Photo by Ralph Arwood
Florida's Big CatScroll to learn more
Big Cats—Little Population
Florida’s biggest cat—the Florida panther (Puma concolor coryi) is a subspecies of the cougar.
The Florida panther is the most endangered animal in North America, with a surviving population of about 150 in the wild. Nearly a third of them use Big Cypress National Preserve as their main habitat.
Puma, mountain lion, catamount, and painter are other names for "cousins" of the Florida panther in other parts of the country.
Big Cats Need Big Space
A male's territory spans about 200 square miles. As their population density increases, more panthers fight—to the death.
Panthers roam and often cross roads. Watch for panthers. More than half of the known Florida panther deaths each year are from being hit by vehicles. (Photo by Peter Matthews)
Females need dense saw palmetto thickets to give birth to litters of 1 to 4 kittens. (Photo by Ralph Arwood)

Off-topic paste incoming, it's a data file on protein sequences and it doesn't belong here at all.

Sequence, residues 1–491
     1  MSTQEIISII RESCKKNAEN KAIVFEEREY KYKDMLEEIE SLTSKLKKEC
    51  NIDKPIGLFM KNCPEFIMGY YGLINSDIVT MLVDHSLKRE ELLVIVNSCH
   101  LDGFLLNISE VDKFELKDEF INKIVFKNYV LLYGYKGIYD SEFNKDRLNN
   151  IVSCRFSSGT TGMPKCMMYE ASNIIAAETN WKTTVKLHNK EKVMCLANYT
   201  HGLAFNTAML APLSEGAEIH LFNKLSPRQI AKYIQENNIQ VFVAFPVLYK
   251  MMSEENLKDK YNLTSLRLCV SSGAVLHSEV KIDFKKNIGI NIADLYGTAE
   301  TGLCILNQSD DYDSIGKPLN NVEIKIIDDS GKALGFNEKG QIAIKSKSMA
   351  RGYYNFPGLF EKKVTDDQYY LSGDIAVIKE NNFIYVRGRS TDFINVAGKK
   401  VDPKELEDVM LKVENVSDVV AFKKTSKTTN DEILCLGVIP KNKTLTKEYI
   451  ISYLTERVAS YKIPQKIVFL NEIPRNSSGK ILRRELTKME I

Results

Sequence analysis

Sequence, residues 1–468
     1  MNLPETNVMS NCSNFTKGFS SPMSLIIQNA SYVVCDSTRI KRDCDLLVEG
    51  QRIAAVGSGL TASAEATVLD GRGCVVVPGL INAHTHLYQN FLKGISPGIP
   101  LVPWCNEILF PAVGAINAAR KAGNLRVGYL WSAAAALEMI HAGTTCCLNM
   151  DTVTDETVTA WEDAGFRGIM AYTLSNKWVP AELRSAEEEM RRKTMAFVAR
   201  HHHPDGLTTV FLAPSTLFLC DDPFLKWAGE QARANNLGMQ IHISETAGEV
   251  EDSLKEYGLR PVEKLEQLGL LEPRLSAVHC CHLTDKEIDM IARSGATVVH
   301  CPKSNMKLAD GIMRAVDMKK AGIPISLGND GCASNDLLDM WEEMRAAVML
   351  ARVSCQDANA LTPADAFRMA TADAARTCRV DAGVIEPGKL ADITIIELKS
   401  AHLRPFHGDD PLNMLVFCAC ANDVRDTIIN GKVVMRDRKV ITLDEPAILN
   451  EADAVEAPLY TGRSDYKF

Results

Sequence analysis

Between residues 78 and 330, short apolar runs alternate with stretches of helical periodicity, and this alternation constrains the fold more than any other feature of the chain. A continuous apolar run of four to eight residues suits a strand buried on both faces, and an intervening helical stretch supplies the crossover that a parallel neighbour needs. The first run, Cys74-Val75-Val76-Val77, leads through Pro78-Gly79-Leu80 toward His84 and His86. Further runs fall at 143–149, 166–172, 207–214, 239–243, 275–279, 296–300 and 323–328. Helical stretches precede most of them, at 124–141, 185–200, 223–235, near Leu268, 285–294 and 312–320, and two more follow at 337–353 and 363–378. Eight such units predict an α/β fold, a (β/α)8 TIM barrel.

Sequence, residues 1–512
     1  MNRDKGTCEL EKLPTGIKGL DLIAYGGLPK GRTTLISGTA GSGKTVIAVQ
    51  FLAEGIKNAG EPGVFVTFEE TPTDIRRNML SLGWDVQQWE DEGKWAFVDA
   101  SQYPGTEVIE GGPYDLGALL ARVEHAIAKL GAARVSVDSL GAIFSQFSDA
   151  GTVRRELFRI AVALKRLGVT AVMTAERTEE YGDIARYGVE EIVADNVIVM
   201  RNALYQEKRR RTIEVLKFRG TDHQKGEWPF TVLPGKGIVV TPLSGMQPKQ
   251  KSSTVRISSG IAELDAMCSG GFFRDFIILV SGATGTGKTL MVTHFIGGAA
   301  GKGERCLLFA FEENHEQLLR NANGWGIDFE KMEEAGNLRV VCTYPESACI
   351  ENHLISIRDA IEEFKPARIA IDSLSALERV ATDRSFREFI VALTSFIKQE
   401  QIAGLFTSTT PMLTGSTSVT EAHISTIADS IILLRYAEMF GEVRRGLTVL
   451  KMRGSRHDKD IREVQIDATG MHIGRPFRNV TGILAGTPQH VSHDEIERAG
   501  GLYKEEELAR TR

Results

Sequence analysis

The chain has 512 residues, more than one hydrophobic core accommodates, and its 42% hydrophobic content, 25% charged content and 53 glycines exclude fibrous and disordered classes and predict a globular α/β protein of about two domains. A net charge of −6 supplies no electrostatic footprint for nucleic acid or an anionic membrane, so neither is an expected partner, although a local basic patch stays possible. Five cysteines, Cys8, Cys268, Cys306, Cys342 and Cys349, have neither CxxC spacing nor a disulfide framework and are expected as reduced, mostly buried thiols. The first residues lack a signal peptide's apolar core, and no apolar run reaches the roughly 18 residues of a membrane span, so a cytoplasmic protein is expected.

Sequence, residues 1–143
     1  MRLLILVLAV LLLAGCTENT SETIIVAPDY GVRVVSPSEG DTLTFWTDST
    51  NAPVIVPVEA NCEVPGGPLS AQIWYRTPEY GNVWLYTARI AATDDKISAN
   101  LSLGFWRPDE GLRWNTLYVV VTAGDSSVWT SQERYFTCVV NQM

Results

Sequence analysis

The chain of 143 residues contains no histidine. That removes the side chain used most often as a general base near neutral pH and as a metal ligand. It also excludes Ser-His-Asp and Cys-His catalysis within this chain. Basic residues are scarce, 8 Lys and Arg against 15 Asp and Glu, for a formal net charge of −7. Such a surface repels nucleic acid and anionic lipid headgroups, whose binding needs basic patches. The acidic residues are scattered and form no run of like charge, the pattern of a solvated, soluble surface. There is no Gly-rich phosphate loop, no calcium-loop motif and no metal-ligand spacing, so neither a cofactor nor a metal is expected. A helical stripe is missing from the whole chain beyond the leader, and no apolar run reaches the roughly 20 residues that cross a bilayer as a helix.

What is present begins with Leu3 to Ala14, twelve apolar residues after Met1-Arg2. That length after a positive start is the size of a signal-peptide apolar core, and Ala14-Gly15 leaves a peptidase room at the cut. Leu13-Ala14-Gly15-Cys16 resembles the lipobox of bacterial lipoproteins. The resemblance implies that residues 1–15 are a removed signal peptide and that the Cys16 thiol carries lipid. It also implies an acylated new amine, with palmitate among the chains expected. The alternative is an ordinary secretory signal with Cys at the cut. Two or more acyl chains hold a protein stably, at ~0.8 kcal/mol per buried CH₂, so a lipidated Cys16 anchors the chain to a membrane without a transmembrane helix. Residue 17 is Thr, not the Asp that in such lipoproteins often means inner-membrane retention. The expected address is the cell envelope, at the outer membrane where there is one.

Panthers need forests to find their food like deer, feral hogs, alligators, and raccoons, but they don’t typically climb trees. When researchers track panthers with hounds, the panthers often try to escape into trees. (Photo by Ralph Arwood)
"…The Florida panther is like the polar bear of the South. Because of its low-lying and exposed habitat, the panther is extremely vulnerable to global warming."Frank Jackalone, Sierra Club
Big Hope for the Future
At one point, there were fewer than 30 Florida panthers, but now there are an estimated 150. The National Park Service and other agencies are working to bring these big cats back from the brink of extinction. Take a peek into this panther den, and see some of the kittens that symbolize hope here at Big Cypress.